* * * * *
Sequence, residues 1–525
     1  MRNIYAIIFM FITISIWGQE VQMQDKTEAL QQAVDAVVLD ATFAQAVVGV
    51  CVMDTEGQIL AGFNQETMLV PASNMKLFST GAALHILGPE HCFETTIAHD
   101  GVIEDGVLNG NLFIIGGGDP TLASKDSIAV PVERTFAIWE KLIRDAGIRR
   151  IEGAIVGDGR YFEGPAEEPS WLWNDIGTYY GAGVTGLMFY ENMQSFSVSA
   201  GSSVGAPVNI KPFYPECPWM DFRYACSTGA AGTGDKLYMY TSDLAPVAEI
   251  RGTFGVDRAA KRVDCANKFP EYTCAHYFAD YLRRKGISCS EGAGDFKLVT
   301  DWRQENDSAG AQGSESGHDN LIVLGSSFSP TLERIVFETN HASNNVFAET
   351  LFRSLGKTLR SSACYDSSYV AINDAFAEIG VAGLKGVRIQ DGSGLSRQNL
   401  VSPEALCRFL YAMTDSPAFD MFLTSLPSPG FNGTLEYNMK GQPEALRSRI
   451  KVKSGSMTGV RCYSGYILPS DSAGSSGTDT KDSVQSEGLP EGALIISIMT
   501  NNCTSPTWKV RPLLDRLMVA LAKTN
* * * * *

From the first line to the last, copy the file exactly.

Sequence, residues 1–525
     1  MRNIYAIIFM FITISIWGQE VQMQDKTEAL QQAVDAVVLD ATFAQAVVGV
    51  CVMDTEGQIL AGFNQETMLV PASNMKLFST GAALHILGPE HCFETTIAHD
   101  GVIEDGVLNG NLFIIGGGDP TLASKDSIAV PVERTFAIWE KLIRDAGIRR
   151  IEGAIVGDGR YFEGPAEEPS WLWNDIGTYY GAGVTGLMFY ENMQSFSVSA
   201  GSSVGAPVNI KPFYPECPWM DFRYACSTGA AGTGDKLYMY TSDLAPVAEI
   251  RGTFGVDRAA KRVDCANKFP EYTCAHYFAD YLRRKGISCS EGAGDFKLVT
   301  DWRQENDSAG AQGSESGHDN LIVLGSSFSP TLERIVFETN HASNNVFAET
   351  LFRSLGKTLR SSACYDSSYV AINDAFAEIG VAGLKGVRIQ DGSGLSRQNL
   401  VSPEALCRFL YAMTDSPAFD MFLTSLPSPG FNGTLEYNMK GQPEALRSRI
   451  KVKSGSMTGV RCYSGYILPS DSAGSSGTDT KDSVQSEGLP EGALIISIMT
   501  NNCTSPTWKV RPLLDRLMVA LAKTN